Proposed EIA Directive needs work
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- Local government ,
The European Commission's proposals to update the environmental impact assessment (EIA) Directive (2011/92/EU) offer some good opportunities to improve practice but refinements are needed, concluded a roundtable of practitioners brought together by IEMA
Consultants from the Institute’s EIA Quality Mark scheme were joined by representatives from developers, Runnymede Borough Council and the British Property Federation to examine the key changes, including mandatory screening reports for all annex II projects and integrating scoping into the screening process.
Discussions covered the potential for a dramatic increase in the number of screening documents each year – likely due to EU policymakers failing to appreciate the scale of the change; the possible benefits and risks of mandatory scoping in the screening process; and the environmental value, but business burden, of ongoing monitoring of significant adverse effects.
While welcoming the commission’s suggestion highlighting the importance of competent practitioners, the delegates debated whether rewording the requirement to include “technical experts” rather than “accredited EIA experts” could provide assurance of competence without increasing administration.
“The roundtable was a real breakthrough moment for the UK with EIA Quality Mark consultants, developer representatives and decision makers exchanging views on the Directive’s current performance and future direction,” said Josh Fothergill, IEMA’s EIA practice lead.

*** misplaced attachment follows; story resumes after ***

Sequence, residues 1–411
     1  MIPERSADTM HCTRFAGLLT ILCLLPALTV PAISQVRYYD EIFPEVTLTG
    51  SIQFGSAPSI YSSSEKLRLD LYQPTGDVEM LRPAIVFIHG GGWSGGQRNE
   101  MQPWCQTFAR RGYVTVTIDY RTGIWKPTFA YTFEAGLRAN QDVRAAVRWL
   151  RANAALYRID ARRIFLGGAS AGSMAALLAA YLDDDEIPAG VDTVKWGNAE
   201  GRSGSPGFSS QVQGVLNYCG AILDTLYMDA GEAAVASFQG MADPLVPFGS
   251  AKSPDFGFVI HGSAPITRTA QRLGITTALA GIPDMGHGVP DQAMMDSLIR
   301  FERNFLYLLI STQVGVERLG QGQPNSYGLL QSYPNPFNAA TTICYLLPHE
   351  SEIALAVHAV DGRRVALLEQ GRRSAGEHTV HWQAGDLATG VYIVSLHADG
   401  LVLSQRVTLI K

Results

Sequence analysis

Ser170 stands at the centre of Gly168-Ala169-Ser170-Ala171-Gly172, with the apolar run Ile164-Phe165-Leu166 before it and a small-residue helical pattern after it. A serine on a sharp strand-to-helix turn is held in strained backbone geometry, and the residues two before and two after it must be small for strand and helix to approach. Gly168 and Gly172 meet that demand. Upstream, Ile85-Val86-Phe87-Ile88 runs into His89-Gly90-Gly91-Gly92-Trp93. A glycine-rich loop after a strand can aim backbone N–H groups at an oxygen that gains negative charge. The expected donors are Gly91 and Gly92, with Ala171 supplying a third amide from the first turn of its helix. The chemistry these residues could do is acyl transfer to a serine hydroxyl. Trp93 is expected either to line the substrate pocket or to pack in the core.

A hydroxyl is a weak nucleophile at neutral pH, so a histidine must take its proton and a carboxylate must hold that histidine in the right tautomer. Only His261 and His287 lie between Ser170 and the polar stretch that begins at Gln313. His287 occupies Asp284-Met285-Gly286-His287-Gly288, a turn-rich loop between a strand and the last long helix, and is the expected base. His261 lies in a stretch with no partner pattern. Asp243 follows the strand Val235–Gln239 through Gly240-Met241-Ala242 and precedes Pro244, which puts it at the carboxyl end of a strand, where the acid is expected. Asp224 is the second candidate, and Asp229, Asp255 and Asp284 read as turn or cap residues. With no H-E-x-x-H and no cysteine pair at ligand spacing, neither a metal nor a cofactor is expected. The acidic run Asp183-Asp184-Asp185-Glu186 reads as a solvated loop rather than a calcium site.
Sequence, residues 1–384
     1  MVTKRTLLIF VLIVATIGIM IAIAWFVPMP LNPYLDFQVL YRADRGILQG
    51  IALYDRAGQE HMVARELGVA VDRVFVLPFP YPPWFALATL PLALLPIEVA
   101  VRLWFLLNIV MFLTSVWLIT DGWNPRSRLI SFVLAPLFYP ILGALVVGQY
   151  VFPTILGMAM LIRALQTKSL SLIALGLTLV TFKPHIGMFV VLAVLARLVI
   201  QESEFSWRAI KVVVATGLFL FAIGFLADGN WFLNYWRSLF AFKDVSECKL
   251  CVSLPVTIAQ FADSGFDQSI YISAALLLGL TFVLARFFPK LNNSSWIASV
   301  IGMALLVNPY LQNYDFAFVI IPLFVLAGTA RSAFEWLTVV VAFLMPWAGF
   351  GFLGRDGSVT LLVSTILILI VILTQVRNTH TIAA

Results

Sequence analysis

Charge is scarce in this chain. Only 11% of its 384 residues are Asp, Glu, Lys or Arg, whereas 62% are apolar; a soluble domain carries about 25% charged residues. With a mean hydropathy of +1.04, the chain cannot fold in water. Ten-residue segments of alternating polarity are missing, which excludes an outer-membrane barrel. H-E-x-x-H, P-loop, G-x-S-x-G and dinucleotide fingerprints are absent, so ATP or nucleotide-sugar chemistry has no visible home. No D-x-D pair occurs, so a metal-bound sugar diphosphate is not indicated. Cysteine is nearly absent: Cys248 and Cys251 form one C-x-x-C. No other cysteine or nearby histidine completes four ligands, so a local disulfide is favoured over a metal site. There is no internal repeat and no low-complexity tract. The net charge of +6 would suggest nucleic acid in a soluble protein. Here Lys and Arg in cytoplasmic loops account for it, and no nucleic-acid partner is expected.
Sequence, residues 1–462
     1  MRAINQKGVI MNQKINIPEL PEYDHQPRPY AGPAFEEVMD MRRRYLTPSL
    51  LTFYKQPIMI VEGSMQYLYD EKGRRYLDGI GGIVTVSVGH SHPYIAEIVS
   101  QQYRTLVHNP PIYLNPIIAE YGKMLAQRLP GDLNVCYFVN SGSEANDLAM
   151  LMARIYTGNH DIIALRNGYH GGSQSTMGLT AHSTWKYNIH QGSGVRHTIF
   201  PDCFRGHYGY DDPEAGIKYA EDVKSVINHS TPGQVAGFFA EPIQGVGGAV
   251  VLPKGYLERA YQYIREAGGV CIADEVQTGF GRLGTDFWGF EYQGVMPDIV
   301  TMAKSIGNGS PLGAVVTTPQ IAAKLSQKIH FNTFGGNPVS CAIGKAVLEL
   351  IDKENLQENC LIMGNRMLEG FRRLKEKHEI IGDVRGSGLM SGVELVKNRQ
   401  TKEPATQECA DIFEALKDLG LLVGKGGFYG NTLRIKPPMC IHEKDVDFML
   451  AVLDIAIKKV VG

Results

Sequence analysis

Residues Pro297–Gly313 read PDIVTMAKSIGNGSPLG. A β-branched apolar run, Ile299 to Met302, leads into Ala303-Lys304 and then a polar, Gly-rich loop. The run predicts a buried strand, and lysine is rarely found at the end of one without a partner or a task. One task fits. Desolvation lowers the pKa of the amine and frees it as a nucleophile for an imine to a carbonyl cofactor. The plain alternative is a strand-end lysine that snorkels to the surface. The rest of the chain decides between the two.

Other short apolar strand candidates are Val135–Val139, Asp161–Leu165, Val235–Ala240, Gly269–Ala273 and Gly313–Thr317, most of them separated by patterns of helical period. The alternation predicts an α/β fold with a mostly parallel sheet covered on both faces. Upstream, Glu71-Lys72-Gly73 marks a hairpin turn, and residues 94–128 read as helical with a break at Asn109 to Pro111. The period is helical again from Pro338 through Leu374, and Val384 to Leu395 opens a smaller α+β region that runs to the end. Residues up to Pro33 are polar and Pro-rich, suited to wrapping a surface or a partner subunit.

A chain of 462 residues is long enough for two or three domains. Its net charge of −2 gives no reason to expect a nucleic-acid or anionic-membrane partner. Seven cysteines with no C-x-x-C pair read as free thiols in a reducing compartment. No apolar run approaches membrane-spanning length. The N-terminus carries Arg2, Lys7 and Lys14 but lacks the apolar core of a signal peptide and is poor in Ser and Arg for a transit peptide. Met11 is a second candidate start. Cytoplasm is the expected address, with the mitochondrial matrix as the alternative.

“While we did not reach a consensus in every area, all parties came away with a wider perspective and we agreed to ongoing dialogue focused on delivering more proportionate and effective practice.”
Martin Broderick, senior technical director at WSP Environment & Energy, who hosted the event, said the discussion was a useful exercise in helping UK practitioners to develop a cogent response to the draft amendments.
“IEMA has played an important role in ensuring that the amendments will contribute constructively to improving and developing EIA practice across the bloc,” he commented. “With the Treasury and Infrastructure UK recently announcing the 2012 update to the national infrastructure plan, it is vital that in a UK context we get the EIA Directive amendments right, to ensure all the much needed infrastructure the UK needs is delivered in a truly sustainable manner.”
The roundtable discussion is helping to inform IEMA’s forthcoming series of free half-day workshops for its members asking for feedback on the proposed amendments to the EIA Directive.
The workshops will take place in Cambridge on 16 January, and in London, Dublin, Belfast, Edinburgh, Oxford, Manchester, Glasgow, Exeter, Cardiff and Birmingham during February. For dates, details and booking, visit iema.net/events.
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